This is a really common question, and (as usual…) the answer isn’t straightforward. In general, however, neutering will have no effect on your dog’s personality, but it may influence his mood and make some behaviours more or less likely.
What are the effects of neutering?
Castration (surgical neutering for male dogs) involves the removal of both testicles. This obviously eliminates the dog’s fertility (as he can no longer make sperm), but it also stops him from making the male hormone, testosterone. Testosterone has a wide range of effects, including producing of secondary sexual characteristics during puberty (such as a deeper bark, increased muscle mass, bigger bones, and larger head - just like in humans!). However, the effects of testosterone on behaviour are much more subtle.
As a puppy, before and just after birth, testosterone levels are quite high, “pre-programming” the brain for certain characteristics, before dropping off to virtually...
Leptospirosis, or “Lepto”, is an infection (primarily of dogs) caused by a group of spiral bacteria called Leptospira. There are many different types (or “serovars”) of Lepto, including canicola and icterohaemorrhagiae (which were historically the most important ones) and newer types such as bratislava and grippotyphosa which have only recently been recognised as causing disease in dogs.
The bacteria are spread in urine - from infected dogs, foxes, cattle and, importantly, rats; they are also zoonotic (in other words, they can infect humans). Unfortunately, after infection, some dogs become carriers - they may appear healthy, but they are spreading the bacteria every time they go to the toilet.
Most dogs will have a high fever, but the disease can cause a wide range of other symptoms, depending on what organ system(s) are most badly affected:
It is perfectly possible to formulate a healthy diet for a dog - but it’s not as easy as most people think! For example, if you just feed raw meat and bones, your dog will get some potentially serious nutrient deficiencies, because dogs are adapted to eat a mixture of whole animals, roots and berries - unlike cats they aren’t true carnivores, but facultative omnivores like us.
Usually - but not entirely. For starters, there are many foods that, although perfectly safe for us, are potentially lethal to dogs. Most people know about chocolate, but there are a range of foodstuffs - including coffee, onions, garlic, leeks, chives, raisins, grapes, peanuts, and macadamia nuts - that are toxic to dogs.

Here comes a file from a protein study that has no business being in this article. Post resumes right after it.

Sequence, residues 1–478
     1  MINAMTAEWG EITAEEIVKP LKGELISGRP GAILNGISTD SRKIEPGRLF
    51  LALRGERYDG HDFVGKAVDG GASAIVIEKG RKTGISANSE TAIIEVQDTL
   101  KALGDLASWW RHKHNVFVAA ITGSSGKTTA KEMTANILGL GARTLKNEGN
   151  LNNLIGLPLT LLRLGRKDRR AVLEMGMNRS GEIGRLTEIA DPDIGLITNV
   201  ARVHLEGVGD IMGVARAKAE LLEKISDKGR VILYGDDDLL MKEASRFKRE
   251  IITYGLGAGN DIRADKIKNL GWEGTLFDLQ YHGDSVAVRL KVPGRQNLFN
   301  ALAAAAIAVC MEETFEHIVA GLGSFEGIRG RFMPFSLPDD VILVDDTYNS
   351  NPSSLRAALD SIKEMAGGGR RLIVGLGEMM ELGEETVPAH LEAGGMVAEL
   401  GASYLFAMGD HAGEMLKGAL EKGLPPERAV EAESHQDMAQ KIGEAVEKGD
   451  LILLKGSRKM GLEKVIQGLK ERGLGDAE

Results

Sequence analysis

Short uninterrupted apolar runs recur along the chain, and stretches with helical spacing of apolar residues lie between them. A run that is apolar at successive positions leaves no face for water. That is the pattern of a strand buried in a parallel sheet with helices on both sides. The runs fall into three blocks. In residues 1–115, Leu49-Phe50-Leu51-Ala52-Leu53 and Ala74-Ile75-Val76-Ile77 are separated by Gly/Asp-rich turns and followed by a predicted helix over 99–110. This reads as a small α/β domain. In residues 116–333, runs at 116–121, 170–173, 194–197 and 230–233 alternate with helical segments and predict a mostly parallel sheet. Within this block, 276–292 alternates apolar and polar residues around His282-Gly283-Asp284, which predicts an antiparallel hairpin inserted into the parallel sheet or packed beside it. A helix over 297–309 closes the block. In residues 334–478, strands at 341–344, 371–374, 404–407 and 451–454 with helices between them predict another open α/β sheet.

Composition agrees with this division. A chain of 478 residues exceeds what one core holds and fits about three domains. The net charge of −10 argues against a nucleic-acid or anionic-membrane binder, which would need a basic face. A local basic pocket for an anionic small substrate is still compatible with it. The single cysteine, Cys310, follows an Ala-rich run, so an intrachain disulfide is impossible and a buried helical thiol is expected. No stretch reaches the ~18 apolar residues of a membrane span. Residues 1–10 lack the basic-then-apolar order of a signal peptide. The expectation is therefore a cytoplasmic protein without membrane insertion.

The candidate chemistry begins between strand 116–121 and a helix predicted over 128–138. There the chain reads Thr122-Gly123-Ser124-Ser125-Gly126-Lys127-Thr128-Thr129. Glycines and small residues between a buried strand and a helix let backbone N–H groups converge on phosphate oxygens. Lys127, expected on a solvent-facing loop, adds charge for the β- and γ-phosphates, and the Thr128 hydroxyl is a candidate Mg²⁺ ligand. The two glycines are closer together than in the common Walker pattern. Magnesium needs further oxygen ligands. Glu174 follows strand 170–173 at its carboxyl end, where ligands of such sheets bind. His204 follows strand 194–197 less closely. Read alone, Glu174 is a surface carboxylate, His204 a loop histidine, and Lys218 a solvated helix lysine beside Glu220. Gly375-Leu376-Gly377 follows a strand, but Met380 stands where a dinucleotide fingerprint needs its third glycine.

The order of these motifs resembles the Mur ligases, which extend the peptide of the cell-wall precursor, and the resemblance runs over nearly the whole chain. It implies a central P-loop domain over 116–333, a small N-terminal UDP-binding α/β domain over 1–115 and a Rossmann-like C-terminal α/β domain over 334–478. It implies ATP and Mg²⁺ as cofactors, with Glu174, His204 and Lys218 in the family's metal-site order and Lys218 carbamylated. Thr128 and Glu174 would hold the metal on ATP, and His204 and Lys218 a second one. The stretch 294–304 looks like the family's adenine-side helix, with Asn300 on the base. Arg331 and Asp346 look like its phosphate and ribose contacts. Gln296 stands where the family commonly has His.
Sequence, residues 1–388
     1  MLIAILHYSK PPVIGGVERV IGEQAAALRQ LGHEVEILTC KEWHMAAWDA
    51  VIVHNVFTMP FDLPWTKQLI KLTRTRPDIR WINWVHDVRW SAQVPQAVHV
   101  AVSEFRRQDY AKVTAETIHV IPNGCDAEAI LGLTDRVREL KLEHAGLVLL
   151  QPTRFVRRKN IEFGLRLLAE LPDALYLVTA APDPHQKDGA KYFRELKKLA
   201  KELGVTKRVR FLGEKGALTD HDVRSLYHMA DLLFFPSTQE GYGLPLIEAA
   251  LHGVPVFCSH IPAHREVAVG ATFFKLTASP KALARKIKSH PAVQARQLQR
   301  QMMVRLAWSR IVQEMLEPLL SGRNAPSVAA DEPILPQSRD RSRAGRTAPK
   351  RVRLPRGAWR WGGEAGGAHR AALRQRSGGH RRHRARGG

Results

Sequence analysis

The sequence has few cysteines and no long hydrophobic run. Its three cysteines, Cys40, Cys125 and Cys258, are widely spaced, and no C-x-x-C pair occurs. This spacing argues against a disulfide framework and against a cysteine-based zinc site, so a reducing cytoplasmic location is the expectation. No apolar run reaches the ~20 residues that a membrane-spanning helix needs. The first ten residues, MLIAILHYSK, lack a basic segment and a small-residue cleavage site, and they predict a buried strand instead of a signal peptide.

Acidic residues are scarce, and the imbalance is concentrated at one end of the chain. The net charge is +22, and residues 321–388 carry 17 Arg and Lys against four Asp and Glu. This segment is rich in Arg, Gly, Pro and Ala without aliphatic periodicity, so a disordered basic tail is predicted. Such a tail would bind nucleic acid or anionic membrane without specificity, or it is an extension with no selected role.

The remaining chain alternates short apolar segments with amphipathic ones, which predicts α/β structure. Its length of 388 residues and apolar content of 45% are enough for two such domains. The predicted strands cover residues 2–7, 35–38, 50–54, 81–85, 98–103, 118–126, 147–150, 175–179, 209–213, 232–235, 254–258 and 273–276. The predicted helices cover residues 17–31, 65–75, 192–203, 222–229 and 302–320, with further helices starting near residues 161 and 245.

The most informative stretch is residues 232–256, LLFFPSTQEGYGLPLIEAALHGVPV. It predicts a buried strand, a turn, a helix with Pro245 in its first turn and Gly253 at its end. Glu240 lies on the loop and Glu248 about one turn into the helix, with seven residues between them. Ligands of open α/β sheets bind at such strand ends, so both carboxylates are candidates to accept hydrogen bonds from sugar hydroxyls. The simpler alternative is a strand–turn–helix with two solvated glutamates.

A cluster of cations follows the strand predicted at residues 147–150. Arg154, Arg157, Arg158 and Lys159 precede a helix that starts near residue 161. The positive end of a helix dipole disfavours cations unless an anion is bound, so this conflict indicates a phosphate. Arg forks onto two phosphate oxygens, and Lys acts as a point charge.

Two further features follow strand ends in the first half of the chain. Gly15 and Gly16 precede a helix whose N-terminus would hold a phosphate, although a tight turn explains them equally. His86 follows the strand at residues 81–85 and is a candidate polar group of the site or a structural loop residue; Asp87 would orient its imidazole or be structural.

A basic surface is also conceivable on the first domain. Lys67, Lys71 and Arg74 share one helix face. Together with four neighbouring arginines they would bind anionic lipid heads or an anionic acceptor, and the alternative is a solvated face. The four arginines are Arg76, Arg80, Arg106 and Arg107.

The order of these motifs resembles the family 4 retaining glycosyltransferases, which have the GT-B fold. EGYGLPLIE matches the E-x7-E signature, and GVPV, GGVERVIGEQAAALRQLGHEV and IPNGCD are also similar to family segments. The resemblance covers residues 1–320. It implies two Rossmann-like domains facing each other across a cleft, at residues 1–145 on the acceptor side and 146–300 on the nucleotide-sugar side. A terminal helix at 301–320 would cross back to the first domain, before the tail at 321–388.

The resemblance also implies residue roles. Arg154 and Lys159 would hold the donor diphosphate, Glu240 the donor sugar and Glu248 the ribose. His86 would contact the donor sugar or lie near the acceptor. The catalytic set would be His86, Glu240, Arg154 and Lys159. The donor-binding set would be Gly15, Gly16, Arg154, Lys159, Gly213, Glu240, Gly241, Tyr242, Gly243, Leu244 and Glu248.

The next problem is that, although their digestions are very similar to ours, their metabolic and nutritional requirements are very different - especially in terms of their protein and fibre requirements.
In the practice, we’re always recommending people to take out pet insurance - but sadly, the Association of British Insurers reports that only 25% of dogs and 14% of cats are insured. When we talk to people about it, there are three different reasons they give for not insuring - are they being sensible or not?
1 - The vets will bill me more if I’m insured.
This really, really isn’t true - but we keep hearing people claim it. In fact, it’s illegal for us to charge more if you’re insured, and the vet who actually did the work has to sign a legal document confirming that they didn’t bill the work any higher than usual. The difference is that if the patient is insured we can do a better job - the tests and treatment that should be done, rather than only those that must be done.
In some ways, we can compare this to a building job - if the roof of your house leaks, you can either put a tarpaulin over it (nice and cheap, and will keep you waterproof)...
We are delighted to offer new puppy training courses. Our First one will start on the 7th of February for 5 weeks. If you have or are getting a puppy, please contact Hillcrest to put your name down on this course or a future one. We look forward to meeting you and your puppy soon.
Simple answer - no. Although human medications are often cheaper than the veterinary equivalents, it’s often really unwise to use them - not only is it illegal, but it is also dangerous to your animals.
How can it be dangerous if it’s a proper medicine?
Just because it’s a proper medicine that’s safe for humans, doesn’t mean it’s safe for animals! There are two reasons for this:
Take your Pets PAIN AWAY with a Revolutionary new DRUG FREE approach to Osteoarthritis. Please contact Hillcrest for further information.
We wish to make wholesalers, veterinary surgeons, retailers and pet owners aware that the VMD has been notified that Bio-Tech Solutions Ltd has issued a recall of:
Armitage Pet Care Flea and Tick Drops for Dogs 702 mg spot-on solution (Vm 20205/4003)
Armitage Flea Drops for Cats and Kittens
An unknown quantity of the Armitage Pet Care Flea and Tick Drops for Dogs containing permethrin has been distributed in packaging labelled Armitage Flea Drops for Cats and Kittens.
Exposure to even small quantities of concentrated permethrin can cause severe and fatal poisoning in cats.
If you have one of the products, do not use it on your cat.
Return the product to the place of purchase or contact the company:
John Tharratt, Bio-Tech solutions Tel 08704 450154 or email JTharratt@btsl.uk.com.